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(Pocket-lint) - The Mercedes-Benz S-Class Cabriolet is the convertible car for those who want the exhilaration of wind in their hair, while remaining in comfort - a difficult combination to achieve.

While the S-Class already offers spa levels of comfort and enough tech crammed under the shell to impress Nasa, the Cabriolet aims to offer the same even with the roof down. Which makes this the first four-seat luxury drop-top since the Mercedes 112 left production in 1971.

However, priced from £110,000 (£135,000 for the AMG S 63; £192,000 for the 6-litre V12 AMG 65) Mercedes will be taking on competition from the likes of the £150,000 Bentley Continental GT Convertible and £97,000 BMW M6 Convertible. Can it live up to the hype? We took the S-Class 500 and the AMG S 63 4MATIC out to test what the range has to offer.

Our quick take

For those who want everything, without compromise, the S-Class Cabriolet nails it - but at an inevitably high price. Not only do you get ridiculous levels of comfort and smart tech but you also have power, handling and the option to go top-down.

Sure, for at least a £13,000 saving you could snap up a BMW M6 Convertible with a similarly rapid 0-62mph time of 4.3-seconds – but you compromise a little on luxury. Or there's the option of spending an extra £40,000-odd to get the Bentley Continental GTC, but you lose a little performance with 0-60mph in 4.5 seconds.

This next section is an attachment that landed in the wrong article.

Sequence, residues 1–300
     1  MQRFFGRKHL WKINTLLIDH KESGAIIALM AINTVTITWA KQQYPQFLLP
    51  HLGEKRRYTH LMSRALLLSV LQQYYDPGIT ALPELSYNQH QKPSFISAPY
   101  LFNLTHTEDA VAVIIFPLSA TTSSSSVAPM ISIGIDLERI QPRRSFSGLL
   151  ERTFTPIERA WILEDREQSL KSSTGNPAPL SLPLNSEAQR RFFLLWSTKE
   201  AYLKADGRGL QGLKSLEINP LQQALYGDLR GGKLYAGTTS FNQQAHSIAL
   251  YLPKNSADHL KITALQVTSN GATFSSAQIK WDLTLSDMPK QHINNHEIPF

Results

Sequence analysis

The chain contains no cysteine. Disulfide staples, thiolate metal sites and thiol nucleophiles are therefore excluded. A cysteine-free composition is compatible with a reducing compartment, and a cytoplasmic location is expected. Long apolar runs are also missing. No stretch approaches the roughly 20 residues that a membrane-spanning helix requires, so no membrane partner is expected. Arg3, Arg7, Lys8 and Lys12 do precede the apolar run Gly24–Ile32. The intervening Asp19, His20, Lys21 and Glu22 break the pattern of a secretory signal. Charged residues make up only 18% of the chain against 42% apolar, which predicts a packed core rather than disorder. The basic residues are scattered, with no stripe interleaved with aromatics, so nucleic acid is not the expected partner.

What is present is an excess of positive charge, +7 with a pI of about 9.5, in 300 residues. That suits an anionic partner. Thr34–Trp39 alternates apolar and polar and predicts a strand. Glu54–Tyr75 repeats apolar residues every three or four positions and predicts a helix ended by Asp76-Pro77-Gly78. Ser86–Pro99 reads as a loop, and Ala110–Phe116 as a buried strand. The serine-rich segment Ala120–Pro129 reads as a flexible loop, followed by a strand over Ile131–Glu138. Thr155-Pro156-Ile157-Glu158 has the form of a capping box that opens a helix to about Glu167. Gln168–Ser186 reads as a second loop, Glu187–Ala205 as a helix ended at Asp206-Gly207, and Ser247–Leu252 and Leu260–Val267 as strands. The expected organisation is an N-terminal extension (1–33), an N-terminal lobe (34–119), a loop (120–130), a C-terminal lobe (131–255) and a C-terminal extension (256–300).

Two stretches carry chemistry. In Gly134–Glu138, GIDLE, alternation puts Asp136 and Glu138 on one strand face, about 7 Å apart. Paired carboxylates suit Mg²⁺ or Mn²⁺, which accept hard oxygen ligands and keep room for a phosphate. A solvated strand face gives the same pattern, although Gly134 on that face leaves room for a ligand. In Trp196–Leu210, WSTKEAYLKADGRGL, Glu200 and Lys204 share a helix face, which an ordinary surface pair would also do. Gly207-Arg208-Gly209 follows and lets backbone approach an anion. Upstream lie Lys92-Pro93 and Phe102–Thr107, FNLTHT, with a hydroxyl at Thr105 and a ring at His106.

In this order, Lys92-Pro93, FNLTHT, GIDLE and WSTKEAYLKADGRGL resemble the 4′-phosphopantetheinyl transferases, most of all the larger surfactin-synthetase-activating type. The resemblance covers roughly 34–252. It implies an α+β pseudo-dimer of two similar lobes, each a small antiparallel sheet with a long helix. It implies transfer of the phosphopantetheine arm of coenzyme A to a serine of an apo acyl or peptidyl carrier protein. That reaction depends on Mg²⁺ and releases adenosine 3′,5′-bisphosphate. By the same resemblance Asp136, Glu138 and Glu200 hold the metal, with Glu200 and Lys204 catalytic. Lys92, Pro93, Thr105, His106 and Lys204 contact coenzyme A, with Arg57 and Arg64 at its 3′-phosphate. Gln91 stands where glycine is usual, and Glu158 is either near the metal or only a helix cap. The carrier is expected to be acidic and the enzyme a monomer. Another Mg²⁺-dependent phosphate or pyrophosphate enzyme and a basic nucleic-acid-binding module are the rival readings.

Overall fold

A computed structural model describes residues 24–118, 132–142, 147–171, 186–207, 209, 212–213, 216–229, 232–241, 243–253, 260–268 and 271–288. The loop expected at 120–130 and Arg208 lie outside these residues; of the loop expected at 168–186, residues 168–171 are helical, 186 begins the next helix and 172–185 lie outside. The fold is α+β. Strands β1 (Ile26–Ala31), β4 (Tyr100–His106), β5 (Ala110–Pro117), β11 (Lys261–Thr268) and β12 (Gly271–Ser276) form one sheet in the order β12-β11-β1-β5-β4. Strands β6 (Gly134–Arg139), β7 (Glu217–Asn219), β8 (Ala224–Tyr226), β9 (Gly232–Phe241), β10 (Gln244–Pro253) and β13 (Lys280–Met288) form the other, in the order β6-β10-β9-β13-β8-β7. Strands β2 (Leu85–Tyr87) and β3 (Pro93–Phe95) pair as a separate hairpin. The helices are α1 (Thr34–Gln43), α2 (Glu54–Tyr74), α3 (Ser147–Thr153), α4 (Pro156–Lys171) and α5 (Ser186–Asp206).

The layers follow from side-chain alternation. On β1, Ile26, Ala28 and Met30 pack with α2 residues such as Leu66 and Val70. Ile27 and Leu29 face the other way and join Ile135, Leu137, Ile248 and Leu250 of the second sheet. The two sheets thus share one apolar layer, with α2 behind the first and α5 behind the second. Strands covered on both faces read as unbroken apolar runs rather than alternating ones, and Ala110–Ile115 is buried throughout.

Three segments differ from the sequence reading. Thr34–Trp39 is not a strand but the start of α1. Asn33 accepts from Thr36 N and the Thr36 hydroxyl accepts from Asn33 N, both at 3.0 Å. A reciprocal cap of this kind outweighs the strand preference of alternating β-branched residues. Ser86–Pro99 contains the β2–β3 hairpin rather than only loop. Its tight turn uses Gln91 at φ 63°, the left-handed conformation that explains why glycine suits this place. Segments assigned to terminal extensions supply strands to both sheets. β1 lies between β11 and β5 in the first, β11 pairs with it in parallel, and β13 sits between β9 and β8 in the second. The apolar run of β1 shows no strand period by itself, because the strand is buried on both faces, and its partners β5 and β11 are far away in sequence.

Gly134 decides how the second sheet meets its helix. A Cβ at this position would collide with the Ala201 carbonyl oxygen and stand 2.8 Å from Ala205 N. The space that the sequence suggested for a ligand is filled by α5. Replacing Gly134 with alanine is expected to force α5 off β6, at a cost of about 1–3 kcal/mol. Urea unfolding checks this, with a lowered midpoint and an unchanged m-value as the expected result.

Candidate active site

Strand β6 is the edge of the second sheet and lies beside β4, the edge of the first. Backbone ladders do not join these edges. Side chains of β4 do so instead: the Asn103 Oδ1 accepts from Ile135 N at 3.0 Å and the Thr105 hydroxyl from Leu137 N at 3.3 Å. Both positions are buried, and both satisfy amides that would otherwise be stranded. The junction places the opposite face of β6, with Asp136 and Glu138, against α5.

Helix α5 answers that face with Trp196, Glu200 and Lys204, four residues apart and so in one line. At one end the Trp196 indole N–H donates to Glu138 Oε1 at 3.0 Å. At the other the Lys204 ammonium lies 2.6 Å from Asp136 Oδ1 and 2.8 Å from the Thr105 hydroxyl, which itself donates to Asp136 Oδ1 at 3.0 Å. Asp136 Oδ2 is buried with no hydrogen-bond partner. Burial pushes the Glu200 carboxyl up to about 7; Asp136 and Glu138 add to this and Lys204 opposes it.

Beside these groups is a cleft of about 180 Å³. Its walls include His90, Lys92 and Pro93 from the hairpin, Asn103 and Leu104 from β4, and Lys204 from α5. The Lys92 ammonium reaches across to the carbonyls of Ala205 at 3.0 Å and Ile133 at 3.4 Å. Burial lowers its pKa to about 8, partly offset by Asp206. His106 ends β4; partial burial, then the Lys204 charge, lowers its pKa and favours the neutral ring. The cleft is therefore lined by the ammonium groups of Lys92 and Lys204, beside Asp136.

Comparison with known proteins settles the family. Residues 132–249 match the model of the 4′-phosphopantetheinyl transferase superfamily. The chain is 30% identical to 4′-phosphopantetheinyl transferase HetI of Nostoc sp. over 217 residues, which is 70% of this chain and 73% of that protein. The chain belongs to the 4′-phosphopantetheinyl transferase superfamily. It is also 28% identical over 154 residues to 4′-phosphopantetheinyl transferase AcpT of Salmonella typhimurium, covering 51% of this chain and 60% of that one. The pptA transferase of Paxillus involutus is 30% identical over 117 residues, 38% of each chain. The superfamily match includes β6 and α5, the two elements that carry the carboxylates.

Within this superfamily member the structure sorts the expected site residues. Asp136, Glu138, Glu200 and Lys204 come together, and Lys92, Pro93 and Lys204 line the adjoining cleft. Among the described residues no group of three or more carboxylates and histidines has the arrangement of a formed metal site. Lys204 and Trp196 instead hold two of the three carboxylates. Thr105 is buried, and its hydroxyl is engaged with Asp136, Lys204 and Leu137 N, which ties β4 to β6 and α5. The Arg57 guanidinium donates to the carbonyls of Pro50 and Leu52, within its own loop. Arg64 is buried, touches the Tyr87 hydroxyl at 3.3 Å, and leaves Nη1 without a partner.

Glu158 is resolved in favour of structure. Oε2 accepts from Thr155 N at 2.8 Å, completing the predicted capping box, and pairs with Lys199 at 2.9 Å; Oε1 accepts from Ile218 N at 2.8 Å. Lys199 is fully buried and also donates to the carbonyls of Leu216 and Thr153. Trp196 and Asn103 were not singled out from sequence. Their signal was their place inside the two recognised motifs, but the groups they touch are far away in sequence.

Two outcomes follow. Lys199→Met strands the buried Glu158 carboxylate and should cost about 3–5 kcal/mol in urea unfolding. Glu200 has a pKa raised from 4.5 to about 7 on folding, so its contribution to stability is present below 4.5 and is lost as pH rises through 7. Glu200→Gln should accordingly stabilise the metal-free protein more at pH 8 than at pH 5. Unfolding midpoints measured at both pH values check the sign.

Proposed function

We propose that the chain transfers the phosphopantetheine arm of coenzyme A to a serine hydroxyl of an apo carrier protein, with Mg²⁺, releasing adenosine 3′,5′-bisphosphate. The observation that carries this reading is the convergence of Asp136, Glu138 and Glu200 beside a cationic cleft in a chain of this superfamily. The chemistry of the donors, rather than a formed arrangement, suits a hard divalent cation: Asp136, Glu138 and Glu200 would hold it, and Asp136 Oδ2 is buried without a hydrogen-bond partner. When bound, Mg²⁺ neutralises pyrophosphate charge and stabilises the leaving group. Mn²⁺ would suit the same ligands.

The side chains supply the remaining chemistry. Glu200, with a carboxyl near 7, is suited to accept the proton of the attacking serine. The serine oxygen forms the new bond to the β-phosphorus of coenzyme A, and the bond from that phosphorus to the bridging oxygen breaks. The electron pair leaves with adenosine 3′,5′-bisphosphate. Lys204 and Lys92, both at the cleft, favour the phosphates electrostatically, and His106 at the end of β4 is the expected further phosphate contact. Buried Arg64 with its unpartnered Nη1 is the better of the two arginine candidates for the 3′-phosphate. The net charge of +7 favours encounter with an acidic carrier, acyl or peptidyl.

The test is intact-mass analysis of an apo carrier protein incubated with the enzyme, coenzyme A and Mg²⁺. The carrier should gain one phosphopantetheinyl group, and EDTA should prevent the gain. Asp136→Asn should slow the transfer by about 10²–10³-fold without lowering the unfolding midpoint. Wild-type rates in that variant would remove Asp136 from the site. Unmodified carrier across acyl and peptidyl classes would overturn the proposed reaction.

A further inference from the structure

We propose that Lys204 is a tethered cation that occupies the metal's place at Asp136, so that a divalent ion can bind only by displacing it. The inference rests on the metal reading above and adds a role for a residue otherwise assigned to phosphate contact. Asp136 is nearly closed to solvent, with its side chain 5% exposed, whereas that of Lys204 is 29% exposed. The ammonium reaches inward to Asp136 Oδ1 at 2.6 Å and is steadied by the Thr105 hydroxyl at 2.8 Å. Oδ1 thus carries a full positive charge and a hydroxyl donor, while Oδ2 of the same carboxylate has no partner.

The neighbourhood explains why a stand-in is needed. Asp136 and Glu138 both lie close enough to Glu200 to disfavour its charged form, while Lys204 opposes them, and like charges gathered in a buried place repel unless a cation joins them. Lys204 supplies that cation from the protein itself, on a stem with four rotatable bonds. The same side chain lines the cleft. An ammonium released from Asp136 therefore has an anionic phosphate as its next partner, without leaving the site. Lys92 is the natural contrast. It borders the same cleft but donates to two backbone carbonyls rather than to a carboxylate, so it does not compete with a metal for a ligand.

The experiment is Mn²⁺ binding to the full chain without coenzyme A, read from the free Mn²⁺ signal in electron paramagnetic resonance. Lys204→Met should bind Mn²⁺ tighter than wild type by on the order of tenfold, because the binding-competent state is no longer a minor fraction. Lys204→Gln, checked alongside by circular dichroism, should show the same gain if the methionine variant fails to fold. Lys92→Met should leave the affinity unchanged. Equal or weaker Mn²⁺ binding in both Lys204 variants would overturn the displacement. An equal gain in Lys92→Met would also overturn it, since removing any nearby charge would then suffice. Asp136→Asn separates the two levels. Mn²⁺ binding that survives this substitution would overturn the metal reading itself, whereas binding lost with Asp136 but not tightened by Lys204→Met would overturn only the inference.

If you have a fat wallet then the Mercedes-Benz S-Class Cabriolet really packs a punch for the price and should have the competition worried. The question, really, remains whether it will pull die-hard Bentley and BMW fans over to its new wheels or not. Because it's hard to ignore the luxury and capability of this new Merc.

Mercedes-Benz S-Class Cabriolet 2016 first drive: Comfortably cool

Mercedes-Benz S-Class Cabriolet 2016 first drive: Comfortably cool

Mercedes-Benz S-Class Cabriolet preview: Design and build

The S-Class Coupé is already the pinnacle of comfort. So the design quality of the convertible Cabriolet model, which manages to maintain that without a top on, is something of a marvel.

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The car appears sporty with a long nose and angular lines while remaining low and aerodynamically punchy. The black diamond radiator grille, chrome trim and bumper air intakes give an aggressive character to this sleek design. It's sporty, with 19-inch alloys as standard, but also hefty enough to give the luxurious room you'd expect from inside. The car is wide, but not too wide to be driven comfortably in cities and on thinner roads.

The roof's ease of use and speed are exactly as you'd expect from a car of this quality. Hold the lever and within 20-seconds it's open, even while moving at up to speeds of 31mph. The soft-top comes in four colour options that can be offset against the car for a punchy finish.

But it's how it works when shut that's even more impressive. Close the roof and you'll be amazed at the near silence. In typical Mercedes style this quiet level is second to none, indeed this soft top is quieter than plenty of hardtop cars on the road. That's thanks to double-glazing, insulation materials and wind noise reduction through the body shell.

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Mercedes-Benz S-Class Cabriolet preview: Performance and handling

When you're in a car with a 4.6-litre V8 twin-turbo that weighs in at over 2-tonnes, you expect it to wobble about. The S Class Cabriolet, somehow, manages to straddle the line between comfort and precision.